The Biblical Basis for Transformation

“Such were some of you; but you were washed, but you were sanctified, but you were justified in the name of the Lord Jesus Christ and in the Spirit of our God.” 1 Corinthians 6:11 NASB95

“Such WERE some of you” -this indicates a change, which is transformation.

The definition of transformation according to the Oxford Dictionary is, “A thorough or dramatic change.”

According to Webster’s, the definition is, “The act or process of changing completely.”

We see a lot of examples in the Bible of people struggling in sin, but then being transformed by the power of God. In the book of Hosea, Gomer, who was an adulterer, was reconciled to her husband, Hosea, and transformed into a godly wife. In the book of Exodus, Moses was identified as a murderer and hid from Pharoah because of what he had done. Yet, this murderer was later transformed by God into the leader of His people, and would stand up to Pharoah rather than hide from him. In the Gospel of John, chapter 4, the woman at the well was transformed from adulterer into an evangelist because of Jesus’ kindness and authority. Saul of Tarsus went from being known as the one who persecuted the Church to being transformed by Jesus into the Apostle Paul who wrote 13 of the 27 books in the New Testament.

“Abide in Me, and I in you. As the branch cannot bear fruit of itself unless it abides in the vine, so neither can you unless you abide in Me. I am the vine, you are the branches; he who abides in Me and I in him, he bears much fruit, for apart from Me you can do nothing.” John 15:4-5

“But the fruit of the Spirit is love, joy, peace, patience, kindness, goodness, faithfulness, gentleness, self-control; against such things there is no law.” Galatians 5:22-23

When a sinner turns from their sin, towards God in true  , we begin to see the manifestation of transformation within them. We see this by way of the fruits of the Spirit as mentioned in Galatians 5; and in John 15 it mentions, “remain in me” and we will produce fruit. This shows us that we cannot make this change on our own. To achieve transformation, our part is repentance and obedience, His part is the sanctification*and transformation. Our part is faith, His part is grace.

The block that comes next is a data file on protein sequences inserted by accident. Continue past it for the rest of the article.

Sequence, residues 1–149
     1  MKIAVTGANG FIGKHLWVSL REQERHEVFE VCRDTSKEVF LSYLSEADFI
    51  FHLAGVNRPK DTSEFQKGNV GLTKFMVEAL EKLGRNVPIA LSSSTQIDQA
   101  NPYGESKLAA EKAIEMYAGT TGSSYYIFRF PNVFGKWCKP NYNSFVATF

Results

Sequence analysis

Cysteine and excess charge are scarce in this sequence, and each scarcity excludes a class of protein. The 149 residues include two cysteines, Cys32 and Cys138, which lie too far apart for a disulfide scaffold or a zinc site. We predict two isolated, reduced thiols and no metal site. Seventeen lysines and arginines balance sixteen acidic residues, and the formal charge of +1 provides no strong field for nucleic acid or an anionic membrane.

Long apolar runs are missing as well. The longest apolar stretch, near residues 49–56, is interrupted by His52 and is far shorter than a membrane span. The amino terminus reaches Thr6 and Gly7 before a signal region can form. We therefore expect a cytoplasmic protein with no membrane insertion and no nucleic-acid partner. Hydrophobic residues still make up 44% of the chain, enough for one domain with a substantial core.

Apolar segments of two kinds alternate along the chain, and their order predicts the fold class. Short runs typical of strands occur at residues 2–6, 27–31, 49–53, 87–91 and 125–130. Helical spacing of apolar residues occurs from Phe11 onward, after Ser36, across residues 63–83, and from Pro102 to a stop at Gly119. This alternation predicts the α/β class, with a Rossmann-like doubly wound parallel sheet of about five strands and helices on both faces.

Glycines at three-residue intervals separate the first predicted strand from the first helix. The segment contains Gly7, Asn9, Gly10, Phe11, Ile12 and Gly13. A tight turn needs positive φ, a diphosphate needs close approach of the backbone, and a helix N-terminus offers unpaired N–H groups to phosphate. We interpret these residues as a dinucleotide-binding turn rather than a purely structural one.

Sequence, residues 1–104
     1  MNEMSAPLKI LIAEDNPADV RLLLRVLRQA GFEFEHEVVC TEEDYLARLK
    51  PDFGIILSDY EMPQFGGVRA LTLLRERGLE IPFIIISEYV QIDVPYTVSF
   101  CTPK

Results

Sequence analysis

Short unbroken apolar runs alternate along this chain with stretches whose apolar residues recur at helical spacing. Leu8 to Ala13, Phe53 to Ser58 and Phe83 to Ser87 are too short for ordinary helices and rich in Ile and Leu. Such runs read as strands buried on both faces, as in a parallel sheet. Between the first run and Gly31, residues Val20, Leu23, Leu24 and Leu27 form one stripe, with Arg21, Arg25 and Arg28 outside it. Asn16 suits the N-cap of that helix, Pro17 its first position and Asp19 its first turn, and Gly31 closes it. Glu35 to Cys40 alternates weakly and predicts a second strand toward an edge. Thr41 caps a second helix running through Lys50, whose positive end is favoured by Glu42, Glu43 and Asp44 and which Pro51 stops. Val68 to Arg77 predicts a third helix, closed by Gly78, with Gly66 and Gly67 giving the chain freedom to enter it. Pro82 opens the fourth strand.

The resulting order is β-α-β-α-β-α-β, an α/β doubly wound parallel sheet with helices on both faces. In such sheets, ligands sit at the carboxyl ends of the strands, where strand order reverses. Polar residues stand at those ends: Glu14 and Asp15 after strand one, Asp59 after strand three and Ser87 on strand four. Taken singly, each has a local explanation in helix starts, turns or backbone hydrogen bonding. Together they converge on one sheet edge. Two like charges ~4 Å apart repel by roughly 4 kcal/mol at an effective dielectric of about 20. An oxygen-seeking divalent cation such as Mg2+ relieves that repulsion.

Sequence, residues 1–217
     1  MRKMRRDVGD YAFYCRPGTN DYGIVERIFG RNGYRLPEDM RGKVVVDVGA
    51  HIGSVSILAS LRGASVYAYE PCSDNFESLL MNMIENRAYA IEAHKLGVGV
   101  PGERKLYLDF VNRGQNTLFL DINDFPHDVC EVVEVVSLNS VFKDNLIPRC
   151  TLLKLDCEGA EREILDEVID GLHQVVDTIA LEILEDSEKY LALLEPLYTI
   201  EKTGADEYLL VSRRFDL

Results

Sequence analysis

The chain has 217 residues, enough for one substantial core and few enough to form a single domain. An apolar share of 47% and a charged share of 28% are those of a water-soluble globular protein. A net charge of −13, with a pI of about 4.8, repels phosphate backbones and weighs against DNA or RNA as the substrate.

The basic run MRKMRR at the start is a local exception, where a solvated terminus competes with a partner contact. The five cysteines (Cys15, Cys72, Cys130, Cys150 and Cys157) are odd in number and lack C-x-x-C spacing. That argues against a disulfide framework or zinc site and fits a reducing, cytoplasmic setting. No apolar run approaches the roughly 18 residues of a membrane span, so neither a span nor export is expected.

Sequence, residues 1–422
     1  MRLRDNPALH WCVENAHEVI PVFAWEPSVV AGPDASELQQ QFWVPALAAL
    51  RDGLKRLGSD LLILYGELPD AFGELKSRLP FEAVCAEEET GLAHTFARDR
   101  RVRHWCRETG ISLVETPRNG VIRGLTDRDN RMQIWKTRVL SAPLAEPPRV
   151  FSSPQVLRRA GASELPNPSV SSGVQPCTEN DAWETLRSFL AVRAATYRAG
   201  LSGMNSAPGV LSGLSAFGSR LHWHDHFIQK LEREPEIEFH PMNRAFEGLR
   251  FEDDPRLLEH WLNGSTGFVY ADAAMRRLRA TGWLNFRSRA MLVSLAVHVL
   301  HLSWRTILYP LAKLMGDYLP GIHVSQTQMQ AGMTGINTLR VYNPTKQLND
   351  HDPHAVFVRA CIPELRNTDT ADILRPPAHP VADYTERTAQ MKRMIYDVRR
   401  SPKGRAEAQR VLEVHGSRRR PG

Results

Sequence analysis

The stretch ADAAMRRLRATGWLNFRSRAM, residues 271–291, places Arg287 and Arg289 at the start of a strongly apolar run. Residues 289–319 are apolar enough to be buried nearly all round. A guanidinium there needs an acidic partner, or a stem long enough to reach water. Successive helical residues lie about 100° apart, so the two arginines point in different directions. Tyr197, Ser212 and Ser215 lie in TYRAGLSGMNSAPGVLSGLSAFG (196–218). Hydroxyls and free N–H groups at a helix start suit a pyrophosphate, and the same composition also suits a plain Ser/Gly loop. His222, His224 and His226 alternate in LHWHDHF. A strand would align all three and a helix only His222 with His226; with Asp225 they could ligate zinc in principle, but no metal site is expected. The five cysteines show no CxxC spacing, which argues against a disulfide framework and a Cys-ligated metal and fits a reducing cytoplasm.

Ephesians chapter 2 tells us, “As for you, you were dead in your transgressions and sins in which you used to live when you followed the ways of this world and of the ruler of the Kingdom of the air, the spirit who is now at work in those who are disobedient. All of us also lived among them at one time, gratifying the cravings of our flesh and following it’s desires and thoughts. Like the rest, we were by nature deserving of wrath. But because of his great love for us, God, who is rich in mercy, made us alive with Christ even when we were dead in transgressions-it is by grace you have been saved.”

Later, the Apostle Paul tells us in Ephesians 5:8-10, “For you were once in darkness, but now you are light in the Lord. Live as children of light (for the fruit of the light consists in all goodness, righteousness and truth) and find out what pleases the Lord.”

The Bible clearly tells us that transformation is a changed life, and that life will bear new fruit. One who once lived a life contrary to what pleases God, bearing evil fruit, will change into a life that no longer conforms to the ways or the “pattern” of this world (Rom 12:2). This transformation occurs through the renewing of our mind and our flesh, and will then manifest itself through new actions, which is the bearing of good fruit. John 15 tells us that Jesus is the Vine, and we are the branches, IF we remain in Him, and He in us, we will bear much fruit–apart from Him we can do nothing. It is Jesus who causes fruit to bear.

More examples in the Bible can be found in places such as Colossians 1:9-10, which shows us that it is the Spirit that gives us wisdom and understanding in order that we may bear fruit in every good work; and this is a life that pleases the Lord.

Sanctification is a process